When journalists Dolly Alderton (Exeter alumna) and Pandora Sykes began their pop-culture and current affairs podcast, The High Low, in 2017 it is possible they underestimated the following they would gain from the expanding popularity of the show. With 111 recorded episodes and an average listenership of 250,000 people per week, the pair’s undeniable success has led them to this current UK tour. “The High Low Experience”, which I had the fortune to attend at the Barbican Centre in London, brings together the high-end and low-brow topics that the podcast has become known for.
The show kicked off with some selected stories from “ye olde mail bag”, a segment frequently visited on the podcast, in which listeners send in anecdotes from their lives. Alderton remarked on how the podcast has “become very much about other people’s stories”, acknowledging how The High Low is now less about what is going on in the world around us and more about encouraging audience engagement by talking about everyday life. One submission told the story of an unnamed boyfriend, referred to as “The Fleece”, leading the pair to agree, “we’ve all been with one of those.” Granted, this is a vast generalisation, but one that nevertheless makes you feel part of the special friendship which Alderton and Sykes have cultivated with one another and their listeners.
Part of this feeling of alliance derives from the duo’s frank openness about their own lives. Avoiding the pretence associated with public figures allows them to become empathetic characters. Whether it’s Sykes casually remarking that her therapist would be her least favourite person to see on Naked Attraction, or Alderton discussing her unhealthy fixation on the past, we are reminded that it’s okay to talk about these things. As Dolly concludes in her book, Everything I Know About Love, female friendship is one of the most important components of modern life, and what better example of this than the pair sitting on the stage in front of us? And if this friendship involves some comical taunting, such as Pandora commenting on the precociousness of writing a book about love before you reach the age of thirty, then even better – the genuine affection between these two women only adds to the humour and overall appeal of their performance.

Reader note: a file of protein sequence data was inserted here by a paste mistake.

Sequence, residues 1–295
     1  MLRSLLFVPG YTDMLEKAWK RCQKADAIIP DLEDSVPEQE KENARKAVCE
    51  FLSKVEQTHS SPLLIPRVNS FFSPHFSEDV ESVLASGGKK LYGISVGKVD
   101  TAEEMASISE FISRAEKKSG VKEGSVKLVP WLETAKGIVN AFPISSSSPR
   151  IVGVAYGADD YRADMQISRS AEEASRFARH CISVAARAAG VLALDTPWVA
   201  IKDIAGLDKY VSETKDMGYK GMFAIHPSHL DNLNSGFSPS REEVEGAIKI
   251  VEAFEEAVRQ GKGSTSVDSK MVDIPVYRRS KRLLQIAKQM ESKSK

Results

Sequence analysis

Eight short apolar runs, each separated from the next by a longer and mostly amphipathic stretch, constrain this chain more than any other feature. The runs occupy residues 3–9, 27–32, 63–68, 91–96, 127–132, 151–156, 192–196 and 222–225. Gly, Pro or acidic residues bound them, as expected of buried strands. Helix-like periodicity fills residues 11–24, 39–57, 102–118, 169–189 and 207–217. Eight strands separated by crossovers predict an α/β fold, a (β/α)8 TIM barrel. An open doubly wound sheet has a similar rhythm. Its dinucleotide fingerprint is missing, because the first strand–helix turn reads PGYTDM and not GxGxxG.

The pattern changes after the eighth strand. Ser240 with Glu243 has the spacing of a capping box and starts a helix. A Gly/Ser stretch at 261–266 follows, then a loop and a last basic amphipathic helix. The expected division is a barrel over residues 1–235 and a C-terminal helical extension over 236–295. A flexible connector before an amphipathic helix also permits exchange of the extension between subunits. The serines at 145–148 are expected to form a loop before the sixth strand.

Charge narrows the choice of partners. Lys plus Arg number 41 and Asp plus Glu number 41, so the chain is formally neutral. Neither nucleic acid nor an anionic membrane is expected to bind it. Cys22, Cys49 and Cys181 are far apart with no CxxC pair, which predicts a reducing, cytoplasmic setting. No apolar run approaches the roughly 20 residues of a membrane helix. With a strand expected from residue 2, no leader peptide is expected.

The evening also involved book readings, another common feature of The High Low. As an avid Rod Stewart fan, Alderton chose an excerpt from his autobiography in which he discusses being “ready to settle down” at the age of 65. She quoted him commenting on his “biological privilege”, which Sykes interpreted as an example of the “fundamental difference between men and women.” The natural and seamless repertoire which the two have built up with one another, seemingly improvised but more likely well-rehearsed for an event of this scale, is another aspect of the show’s palpable charm. Maintaining their tradition of switching between the trivial and the sincere, Alderton then read out the often referenced “fig tree” quotation from Sylvia Plath’s The Bell Jar. Presenting this as a testimony to the “millennial affliction”, FOMO (Fear Of Missing Out), she admitted her intention of getting a fig tattoo and acknowledged how this makes her everyone’s idea of a “basic white girl nightmare”. The pair’s ability to simultaneously mock themselves and one another, while also conveying something profound to the audience, contributes to their impressive routine.
Despite its huge following, The High Low’s listener demographic, reflected in the live show audience, is overwhelmingly female. Alderton began the show by commenting on the disproportionate number of girls in attendance, thanking the male members of the audience who had been “dragged along”, including but not (quite) limited to Sykes’ husband Ollie Tritton and The High Low’s producer Charlie Jones. Critics have also picked up on the podcast’s exclusivity in regard to class and background. The Guardian journalist Hannah Verdier described the duo as “posh podcasters who make themselves shiver with shame”. There is something to be said for this, but not enough to prevent a sell-out show at the Barbican, and what the duo may lack in content diversity they certainly make up for in humour and style.
The last part of the show involved a Q&A, in which audience members were encouraged to tweet in to #AskTheHighLow. Alderton and Sykes answered questions ranging from how they met to what they would recommend to an all-female book club (aptly named, “Read Between the Wines”). These questions proved the way in which this podcast pairing have become icons to a generation who are now more interested in the duo’s personal lives than how they feel about what is going on in the news. If this phenomenon means the show may have transitioned from a pop-culture and current affairs podcast to a comedic advice podcast, then so be it – the experience isn’t made any less enjoyable.
– Esther Huntington-Whiteley